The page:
“A child who is not embraced by the village will burn it down to feel its warmth,” goes a popular African proverb that imparts valuable wisdom to us on the dangers of diminishing the existence of a child.
We are seeing the effects of this in The Bahamas every day as youngsters and teens longing for recognition and acceptance engage in destructive behaviors and adults who struggle with low self esteem and inferiority complexes born out of childhood repression bring grief to those with whom they interact, manage and govern.
When parliamentarians this week joined the world in observing International Children’s Day, Social Services Minister Frankie Campbell remarked while drawing contrast to changing times that in his day, children were to be seen and not heard.
Little has changed in the way many in our society view children, due in large part to insufficient avenues and social acceptance for learning new ways of parenting and of appreciating the value of a child’s unique personality traits.
In Bahamian culture, some of what children hear most apart from “no” includes “be quiet”; “sit down”; “shut up”; “nobody asked you anything” or “don’t ask me any questions”, with almost any expression by a child running the risk of being branded as rudeness worthy of painful consequences.
As such, we train our children that their voice, opinion and presence are an inconvenience, something worthy of punishment and not as worthy as that of an adult.
What this does is create generations of Bahamian adults who have little confidence in their ability to think and so they choose not to be thinkers, and since they have been taught that their voice is a bad thing, they either keep passively silent when they should speak out or they use their voice to silence others in the same ways they were silenced.
When we do not give our children safe spaces to develop and voice their opinions, we disempower them and teach them to become followers instead of self-driven individuals – which plays out in a child’s likelihood to bow to negative peer pressure as opposed to having the confidence to stand firm against the crowd.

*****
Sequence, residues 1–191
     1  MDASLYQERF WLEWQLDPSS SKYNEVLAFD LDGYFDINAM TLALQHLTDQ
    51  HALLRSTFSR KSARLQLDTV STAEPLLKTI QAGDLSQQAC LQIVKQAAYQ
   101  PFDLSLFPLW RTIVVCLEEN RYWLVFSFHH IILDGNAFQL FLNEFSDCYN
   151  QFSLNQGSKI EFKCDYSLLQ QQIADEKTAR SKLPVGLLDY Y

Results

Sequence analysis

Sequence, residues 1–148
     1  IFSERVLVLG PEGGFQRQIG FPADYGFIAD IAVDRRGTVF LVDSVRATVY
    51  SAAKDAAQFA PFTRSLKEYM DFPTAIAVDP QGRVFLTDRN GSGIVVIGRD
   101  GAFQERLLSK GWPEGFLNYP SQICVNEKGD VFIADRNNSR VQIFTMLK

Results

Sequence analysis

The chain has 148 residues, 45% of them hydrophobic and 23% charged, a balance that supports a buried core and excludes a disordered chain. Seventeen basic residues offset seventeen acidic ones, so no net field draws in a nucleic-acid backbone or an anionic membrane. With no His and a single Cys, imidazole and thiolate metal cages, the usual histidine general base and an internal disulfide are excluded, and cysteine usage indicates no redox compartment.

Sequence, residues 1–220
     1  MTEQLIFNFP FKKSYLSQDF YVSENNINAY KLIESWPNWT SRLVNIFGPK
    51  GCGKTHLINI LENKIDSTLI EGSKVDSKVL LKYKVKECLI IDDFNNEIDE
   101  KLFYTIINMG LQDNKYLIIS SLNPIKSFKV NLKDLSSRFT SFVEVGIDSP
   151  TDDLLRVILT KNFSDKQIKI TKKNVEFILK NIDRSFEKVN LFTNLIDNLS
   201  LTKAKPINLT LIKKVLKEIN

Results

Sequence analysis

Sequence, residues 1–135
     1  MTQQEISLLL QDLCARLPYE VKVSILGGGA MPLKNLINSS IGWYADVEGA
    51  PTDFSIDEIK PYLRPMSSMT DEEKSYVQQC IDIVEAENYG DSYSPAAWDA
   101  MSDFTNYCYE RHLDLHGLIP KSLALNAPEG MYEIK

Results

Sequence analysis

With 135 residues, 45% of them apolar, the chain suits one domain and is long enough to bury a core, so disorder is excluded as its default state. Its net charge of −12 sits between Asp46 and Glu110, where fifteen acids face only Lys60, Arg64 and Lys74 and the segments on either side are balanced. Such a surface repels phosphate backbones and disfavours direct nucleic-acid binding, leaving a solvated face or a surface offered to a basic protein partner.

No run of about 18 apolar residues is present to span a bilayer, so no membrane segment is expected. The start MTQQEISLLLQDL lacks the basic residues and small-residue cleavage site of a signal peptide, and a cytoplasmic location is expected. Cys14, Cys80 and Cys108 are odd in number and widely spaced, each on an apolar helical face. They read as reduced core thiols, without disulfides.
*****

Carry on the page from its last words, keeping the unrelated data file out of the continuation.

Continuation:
Not giving our children the freedom to state their wants, dislikes and desires teaches them that their needs and feelings do not matter, and is one of the reasons they grow into adults who are reluctant to ask for what they want or to walk away when in circumstances or relationships that are abusive or repressive.
Allowing children room to safely express their emotions, particularly as young toddlers who do not have the developmental capacity to be as controlled as most parents wish, helps them to learn how to regulate their emotions as they get older.
The downside to refusing to do this shows up in our schools, where children can be difficult to manage because they have not been taught how to understand their emotions and express them in appropriate ways, and have instead been forced to bottle emotions in silence while in their parents’ presence.
Condemning children for asking questions not only stifles their creativity and limits their capacity for intellectual growth, but it can have the effect of discouraging children from asking for help when they need it.
It is likely a prevailing reason that when they find themselves in frightening or confusing situations, they suffer in silence or make dangerous choices that could have been averted had they not been afraid to ask, “Why?”
Children in The Bahamas need not only to be seen, but heard.
Failing this, we will continue to see children and the adults they grow into fail, falter and fall victim to abuse and exploitation because we would not take the time to hear the thoughts in their head and the feelings and cries of their heart.